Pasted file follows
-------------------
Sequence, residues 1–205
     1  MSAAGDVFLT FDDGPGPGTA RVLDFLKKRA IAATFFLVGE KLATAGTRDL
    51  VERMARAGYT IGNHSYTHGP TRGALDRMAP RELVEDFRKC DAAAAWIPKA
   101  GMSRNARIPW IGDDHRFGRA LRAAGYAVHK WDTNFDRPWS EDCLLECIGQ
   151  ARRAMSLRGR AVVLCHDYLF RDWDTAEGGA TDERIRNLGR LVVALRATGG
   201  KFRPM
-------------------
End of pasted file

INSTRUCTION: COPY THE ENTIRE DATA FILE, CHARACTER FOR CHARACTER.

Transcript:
Sequence, residues 1–205
     1  MSAAGDVFLT FDDGPGPGTA RVLDFLKKRA IAATFFLVGE KLATAGTRDL
    51  VERMARAGYT IGNHSYTHGP TRGALDRMAP RELVEDFRKC DAAAAWIPKA
   101  GMSRNARIPW IGDDHRFGRA LRAAGYAVHK WDTNFDRPWS EDCLLECIGQ
   151  ARRAMSLRGR AVVLCHDYLF RDWDTAEGGA TDERIRNLGR LVVALRATGG
   201  KFRPM